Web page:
There is so much more to Canada’s part in the history of jazz. This provides a very high-level overview of the Canadian involvement and influence in the evolution of “Canadian” jazz.  From humble beginnings in a small area of Montreal to the many jazz festivals across the country, the impact the black community of Little Burgundy had is still felt to this day.

“The community was dealt a succession of near-fatal blows through the 1960s when half the neighbourhood was bulldozed in favour of the Ville Marie Expressway and huge blocks of social housing. Renamed Little Burgundy, the neighbourhood is striving to recover from poverty, unemployment, crime, and an itinerant population. The jazz clubs and show bars are all gone. The only evidence that the neighbourhood was once the creative heart of Canada’s most vibrant music scene is a small swath of green space tucked between social housing developments, in the shadow of the massive maze of concrete overpasses” — Le Parc de Jazzmen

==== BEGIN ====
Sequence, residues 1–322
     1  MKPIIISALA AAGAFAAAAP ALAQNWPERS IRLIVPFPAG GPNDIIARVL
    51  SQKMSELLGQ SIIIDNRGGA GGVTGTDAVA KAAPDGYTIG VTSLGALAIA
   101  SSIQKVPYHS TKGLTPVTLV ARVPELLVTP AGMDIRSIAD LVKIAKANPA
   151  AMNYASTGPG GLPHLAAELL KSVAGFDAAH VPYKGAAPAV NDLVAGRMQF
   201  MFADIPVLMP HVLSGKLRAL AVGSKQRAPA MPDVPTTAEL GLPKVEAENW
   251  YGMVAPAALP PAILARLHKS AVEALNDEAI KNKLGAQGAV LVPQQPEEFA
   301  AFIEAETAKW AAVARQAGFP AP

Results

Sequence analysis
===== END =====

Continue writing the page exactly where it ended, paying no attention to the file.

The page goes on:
Look to the Rainbow – Eleanor Collins

Oscar Peterson – Live in ’63, ’64, ‘65

Oliver Jones & Friends

The Hot Tamale Man – Freddie Keppard (1926)

Don’t Mean a Thing (If It Ain’t Got That Swing) – Duke Ellington & Ella Fitzgerald

All of Me – Billie Holiday

Footloose – Paul Bley (full album)

Swinging Shephard Blues – Moe Koffman

So What – Miles Davis & Gil Evans (1959)

It’s Not Unusual – Guido Basso (Moe Koffman, Teddy Roderman, Ed Bickert, Jimmie Dale)

The Black City Below the Hill – A History of Montreal’s Little Burgundy

The finish line….maybe

I think I’ve exhausted everyone on this particular subject. Although there is so much more I could expound on this particular subject, I will pause here. I hope you’ve enjoyed the “jazz series”…..maybe learned a little, possibly encouraged you to dig deeper, or even introduced your ears to some new music.